"Ole!" "Muy bonita!" "Bravo!"

From the sidelines came shouts of encouragement and deafening clapping to a flamenco beat. On the floor, not in a cave in Granada but in a church basement in Arlington, skirts twirl, heels stamp, castanets click and a rose falls out of a dancer's hair as the 11 women and two men of Raquel Pena's intermediate flamenco dance class go through their paces and redobles and panaderos and fandangos.

This Spanish-style jam session is called a cuadro, which literally means picture or square, according to Pena, a slender dancer who started studying flamenco as a child in Spain and made her professional debut at age 16 at the Brooklyn Academy of Music.

"Flamenco really shouldn't be on a stage," says Pena. "This is more traditional -- people getting together and having a good time . . . well, at least we all finished together," she says to the class and begins more formal instruction.

"Let's start with the fandango . . . step, heel, redoble, heel, toe, kick -- but be careful that I don't get this. Point your foot immediately . . . I'm going to get the guitarists in."

The guitarists, whom Pena calls Carlos and Roberta but who are usually called Carlos and Bob, are students of Pena's husband, Fernando Sivent, who performs nightly with the Penas at El Tio Pepe.

"Flamenco is made up of rhythms," Pena explains to a visitor, "Within the rhythm -- which we call the compas -- there is improvisation. The guitarists can do as they like, the dancers can do as they like, and the singer -- as long as everybody is in the rhythm. You have to hear the rhythm -- it's like jazz . . . The guitarist will give you an entrance," she tells the students. "And at the end of his phrasing we'll do a redoble."

Palms twist gracefully and feet, clad in pumps with nails in the heels and toes, stamp in perfect rhythm.

"They are extremely dedicated," says Pena of the class. "For most of them this is only the second year of dancing, but they have already performed at folk festivals and charity events. The hardest part is the coordination of the castanets with the heel work. I try to teach it in such a way that they don't get bogged down."

The fandango is followed by an Alegrias de cadiz and a Mata la arana, in which 13 pairs of feet stomp mercilessly on an imaginary spider. After an hour and a half the students are tired but exhilarated.

"This is my weekly psychiatric something-or-other," says Gabriela Sendra, a World Bank employee who won't reveal her age but who used to think she was too old to dance flamenco. "I just let all the tensions go."

"I like the dignity and passion of it," says Marla Bush, changing out of a long, flounced skirt she made from a pattern supplied by Pena. Bush, a social worker, joined the class after seeing Pena's professional dance company perform at HUD. Mimi Clark, who works as an usher at the Kennedy Center, joined the class after seeing Pena gave a performance for children there. Yoko Sando, who taught dancing in Japan, sought but Pena when she came to Washington with her husband, a TV correspondent.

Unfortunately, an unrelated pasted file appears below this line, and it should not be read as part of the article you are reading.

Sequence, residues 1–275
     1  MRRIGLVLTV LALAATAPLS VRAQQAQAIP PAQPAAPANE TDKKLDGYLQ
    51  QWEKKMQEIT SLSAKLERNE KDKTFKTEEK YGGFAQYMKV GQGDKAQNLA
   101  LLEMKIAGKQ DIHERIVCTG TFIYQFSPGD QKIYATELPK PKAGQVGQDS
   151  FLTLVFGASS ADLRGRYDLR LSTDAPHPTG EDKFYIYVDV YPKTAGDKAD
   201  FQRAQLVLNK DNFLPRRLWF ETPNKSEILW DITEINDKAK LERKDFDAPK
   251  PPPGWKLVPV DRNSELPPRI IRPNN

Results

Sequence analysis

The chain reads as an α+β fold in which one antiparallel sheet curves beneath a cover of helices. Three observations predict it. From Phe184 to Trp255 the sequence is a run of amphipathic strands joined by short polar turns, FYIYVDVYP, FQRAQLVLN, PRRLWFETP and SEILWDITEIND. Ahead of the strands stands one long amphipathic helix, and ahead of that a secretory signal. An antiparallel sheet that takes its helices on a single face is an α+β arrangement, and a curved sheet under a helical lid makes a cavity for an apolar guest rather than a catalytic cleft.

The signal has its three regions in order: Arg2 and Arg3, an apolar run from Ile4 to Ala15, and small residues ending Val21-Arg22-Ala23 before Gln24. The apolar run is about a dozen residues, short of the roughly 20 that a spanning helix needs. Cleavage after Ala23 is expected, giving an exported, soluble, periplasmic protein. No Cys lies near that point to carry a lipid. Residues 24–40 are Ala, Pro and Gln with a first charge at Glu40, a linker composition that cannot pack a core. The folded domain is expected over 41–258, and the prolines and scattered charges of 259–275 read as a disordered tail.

As the intermediates leave, Pena, who describes herself as "one of those people who have a lot of energy," works with a beginner's class on the sevillana.

"This is one os the first dances we larn," she explains. "It's the dance they do at the fair in Seville. Now change you weight -- get that knee right," she urges a beginner. "Toe, heel, toe, heel, walk, walk, walk, walk. Try and make it say something. It has to have character."

"She can make people who are klutzy at first look good after a few months," says Paula Brassfield, an advanced student watching from the sidelines. Brassfield studied under Pena's sister-in-law, the late Amor Sirvent. She now teaches dancing -- including a little famenco -- to kids.

Like the more advanced students, the beginners are a diverse group. Karen Hettinger, an opera singer, got interested in flamenco when she sang Carmen last year at Catholic University.

"I found I didn't know anything about flamenco," says Hettinger. "Next time I will."

As the class practices single stamps and double stamps, Pena sits down to gulp an orange drink and eat a piece of cheese. Without a break, she will spend the afternoon rehearsing her company of professional dancers and apprentices -- many of them graduates of her basic classes -- for a May 16 performance at the Kennedy Center. Already the company dancers are gathering on the sidelines, carrying rope-soled shoes to dance the jotas or humorous folk dances, ballet shoes to dance the 18th-century-style Spanish ballet, and nail-studded shoes to dance flamenco.

"Rock, like a rocking chair," Pena instructs a beginner, and then there is a short break during which student Janet Kiernan changes the cassette on her tape recorder.

"I tape these sessions so I can go home and review it," says Kiernan. "Flamenco is really an amazing feat of coordination. There's a wonderful fellowship here. I'm a computer programmer. I work with numbers. This is so refreshing -- it's a whole different way of thinking. I'm addicted!"